Ausgabe 35/2007

An Offer You Can't Refuse Russia's Very Hostile Takeovers

In Russia a "hostile takeover" isn't just a turn of phrase. Ruthless businessmen are employing armed thugs to intimidate their rivals and force them to hand over their companies -- backed by corrupt policemen and courts.


A model of a new mall in Moscow. Land is at a premium in the Russian capital, and businessmen are increasingly using very hostile methods to grab land to make a killing.

A model of a new mall in Moscow. Land is at a premium in the Russian capital, and businessmen are increasingly using very hostile methods to grab land to make a killing.

The video images may resemble scenes from a civil war, but in fact they come from the factory floor. Armed troops in gray uniforms are seen storming the facilities of the Angarzement cement factory in Angarsk, near the Siberian city of Irkutsk. The attackers smash windows and then lock out the management.

It has become an all too familiar scene in today's Russia. In Moscow 150 strong young men entered the headquarters of the Rasvitiye construction company using baseball bats and metal bars. Although the thugs retreated when a squad of policemen arrived, the company -- which controls more than 25 percent of Moscow's housing construction market in Moscow -- miraculously ended up in the hands of a financial tycoon a short time later.

And in Chimki on the outskirts of Moscow, not far from Sheremetyevo International Airport, a real estate firm suffered a surprise attack by a company with the exact same name. Once again musclemen were used for the scare tactics. They barricaded themselves behind a barbwire fence and displayed a sign as their calling card: "Very Evil Guard Duty."

These cases show just how literally the terms "hostile takeover" and "corporate raider" are often taken in Russia. And unlike in Western Europe, the attackers are normally not even interested in the business itself but only its premises. Many of these land grabbers build luxury apartments for Russia's nouveaux riches on the premises they have seized -- one way of making a fast buck in the country's booming big cities.

Since what matters most is the speed of the take-over, when it comes to the transfer of property rights in Russia muscle takes precedence over money. The brawny mercenaries are dubbed "landsknechty" in Russian jargon. Their employers convey them by bus or train from small provincial towns to the scene of the crime.

They usually have orders to do little more than intimidate their victims. Avoiding bloodshed, they usually overpower the company's security guards, tie them up with duct tape and throw them into a store room, as one Ukrainian mercenary reports. The police only arrive 40 minutes later, probably bribed to take their time, at which point the new well-dressed company owner is already sitting at his desk, equipped with fraudulent company papers.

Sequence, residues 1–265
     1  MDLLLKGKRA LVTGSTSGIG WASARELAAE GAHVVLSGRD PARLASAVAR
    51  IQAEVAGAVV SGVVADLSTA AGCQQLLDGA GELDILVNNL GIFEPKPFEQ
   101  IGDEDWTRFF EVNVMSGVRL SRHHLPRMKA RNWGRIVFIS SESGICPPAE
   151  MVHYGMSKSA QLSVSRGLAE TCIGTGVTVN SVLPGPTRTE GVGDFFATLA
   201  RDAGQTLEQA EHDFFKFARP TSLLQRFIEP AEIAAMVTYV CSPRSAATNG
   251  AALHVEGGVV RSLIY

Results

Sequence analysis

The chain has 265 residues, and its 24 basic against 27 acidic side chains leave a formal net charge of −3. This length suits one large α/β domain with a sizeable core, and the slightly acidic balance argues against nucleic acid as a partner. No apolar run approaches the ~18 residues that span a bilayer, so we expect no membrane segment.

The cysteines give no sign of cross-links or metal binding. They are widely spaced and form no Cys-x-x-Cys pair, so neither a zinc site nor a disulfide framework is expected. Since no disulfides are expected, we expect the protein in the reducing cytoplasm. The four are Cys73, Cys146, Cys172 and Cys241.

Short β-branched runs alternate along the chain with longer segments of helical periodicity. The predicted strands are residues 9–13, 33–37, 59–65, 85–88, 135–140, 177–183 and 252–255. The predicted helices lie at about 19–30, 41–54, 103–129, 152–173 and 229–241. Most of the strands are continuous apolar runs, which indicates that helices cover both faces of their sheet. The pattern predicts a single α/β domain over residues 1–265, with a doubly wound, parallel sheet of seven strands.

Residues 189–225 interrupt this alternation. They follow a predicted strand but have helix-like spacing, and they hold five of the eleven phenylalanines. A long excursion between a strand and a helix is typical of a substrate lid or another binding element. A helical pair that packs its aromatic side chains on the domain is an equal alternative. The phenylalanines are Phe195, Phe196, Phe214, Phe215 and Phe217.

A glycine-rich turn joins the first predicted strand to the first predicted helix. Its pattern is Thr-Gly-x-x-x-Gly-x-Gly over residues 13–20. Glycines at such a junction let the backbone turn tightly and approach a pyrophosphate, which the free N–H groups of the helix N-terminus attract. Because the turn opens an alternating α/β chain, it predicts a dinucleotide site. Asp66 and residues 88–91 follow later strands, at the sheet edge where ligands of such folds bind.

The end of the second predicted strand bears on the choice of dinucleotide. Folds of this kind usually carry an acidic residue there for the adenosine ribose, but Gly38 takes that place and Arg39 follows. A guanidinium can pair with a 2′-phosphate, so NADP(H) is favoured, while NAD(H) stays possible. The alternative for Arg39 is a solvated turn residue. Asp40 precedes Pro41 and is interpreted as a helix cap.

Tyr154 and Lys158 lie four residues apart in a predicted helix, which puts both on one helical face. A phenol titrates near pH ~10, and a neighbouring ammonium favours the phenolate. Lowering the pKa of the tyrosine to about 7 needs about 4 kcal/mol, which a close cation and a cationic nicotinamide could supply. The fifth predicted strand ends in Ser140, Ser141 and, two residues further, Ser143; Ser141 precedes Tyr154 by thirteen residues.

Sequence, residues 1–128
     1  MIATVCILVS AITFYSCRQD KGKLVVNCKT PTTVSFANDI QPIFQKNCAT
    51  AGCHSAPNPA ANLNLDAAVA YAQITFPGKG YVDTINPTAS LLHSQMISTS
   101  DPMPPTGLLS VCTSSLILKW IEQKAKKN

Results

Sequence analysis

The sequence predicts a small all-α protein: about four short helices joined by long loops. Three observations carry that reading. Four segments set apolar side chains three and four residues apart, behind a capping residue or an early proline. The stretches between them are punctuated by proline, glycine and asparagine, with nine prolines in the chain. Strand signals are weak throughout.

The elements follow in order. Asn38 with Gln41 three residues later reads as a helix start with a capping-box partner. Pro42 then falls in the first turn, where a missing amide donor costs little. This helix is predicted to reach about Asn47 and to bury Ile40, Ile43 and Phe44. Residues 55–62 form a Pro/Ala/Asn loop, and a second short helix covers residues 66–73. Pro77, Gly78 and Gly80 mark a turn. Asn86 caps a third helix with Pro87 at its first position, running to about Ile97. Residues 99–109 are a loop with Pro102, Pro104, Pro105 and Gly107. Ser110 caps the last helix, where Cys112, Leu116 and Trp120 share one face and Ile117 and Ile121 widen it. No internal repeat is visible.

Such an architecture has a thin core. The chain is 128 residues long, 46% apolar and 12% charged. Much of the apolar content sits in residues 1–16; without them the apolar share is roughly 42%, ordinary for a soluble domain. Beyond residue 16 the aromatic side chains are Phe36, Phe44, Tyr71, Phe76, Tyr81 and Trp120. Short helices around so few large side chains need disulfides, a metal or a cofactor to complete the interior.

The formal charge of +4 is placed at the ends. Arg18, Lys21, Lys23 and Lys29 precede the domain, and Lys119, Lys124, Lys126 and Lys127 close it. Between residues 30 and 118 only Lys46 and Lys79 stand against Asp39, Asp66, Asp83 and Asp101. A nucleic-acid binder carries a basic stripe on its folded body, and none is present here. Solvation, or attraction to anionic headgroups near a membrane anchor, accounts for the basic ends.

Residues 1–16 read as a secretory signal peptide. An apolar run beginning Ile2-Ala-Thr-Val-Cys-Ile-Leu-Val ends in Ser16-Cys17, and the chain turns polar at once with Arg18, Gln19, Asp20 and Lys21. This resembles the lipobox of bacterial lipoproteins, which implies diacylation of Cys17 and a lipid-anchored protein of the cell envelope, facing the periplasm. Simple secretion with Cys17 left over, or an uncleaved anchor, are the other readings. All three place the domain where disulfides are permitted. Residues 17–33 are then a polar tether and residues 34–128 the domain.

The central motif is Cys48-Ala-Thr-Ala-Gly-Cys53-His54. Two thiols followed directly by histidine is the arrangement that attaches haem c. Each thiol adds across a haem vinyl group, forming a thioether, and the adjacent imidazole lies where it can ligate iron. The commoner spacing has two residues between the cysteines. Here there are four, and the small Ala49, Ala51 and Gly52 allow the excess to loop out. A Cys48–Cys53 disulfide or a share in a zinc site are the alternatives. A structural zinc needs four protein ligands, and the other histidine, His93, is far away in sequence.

The Moscow journal Ogonjok has already published lists of prices for the semi-legal services of the landsknechty. Spying on a business costs between $5,000 and $20,000, tapping a mobile phone is $1,500 per day, while "neutralizing" the police and prosecutor's office costs between $30,000 and $60,000.

Raiders are becoming increasingly bolder, especially in the provinces, where bribes are lower than in Moscow. Russia's Interior Ministry, headed by Rashid Nurgaliyev, has estimated that one in seven company takeovers in Russia are carried out by illegal means.

Business Is Booming

And business is booming for these bandits. The number of investigations relating to forced company takeovers has doubled over the last three years to a total of 354, according to the Interior Ministry. Experts at the ministry estimate the financial volume involved in 2005 alone to have been somewhere between $4 billion and $7 billion -- as much as 17 percent of all Russian company takeovers that year.

Just like in the mafia thriller "The Godfather," businessmen are often made "an offer they can't refuse." If the offer is not accepted, the gangsters then bribe arbitration courts and forge share registers or sale contracts.

In the Chelyabinsk region north of the Ural Mountains, a land registry office's hard drive containing company data disappeared temporarily. When it showed up again, the steelworks in Magnitogorsk suddenly had a new list of shareholders -- and new owners. Such maneuvers are made easier by the fact that most share registers in Russia only exist as electronic files, as required by the law.

More than 170 raider teams operate using these kinds of tricks, according to official estimates. Some of them work freelance while others are even employed by companies.

"They're highly professional," says Vladimir Ovchinsky, the former director of Interpol in Russia. According to the retired major general, gangs like the Tambov Group in St. Petersburg function "like Cosa Nostra in Italy" -- complete with their own analysis center, team of lawyers and headhunters for the recruitment of young members. Underpaid intelligence officers are particularly in demand.


© DER SPIEGEL 35/2007
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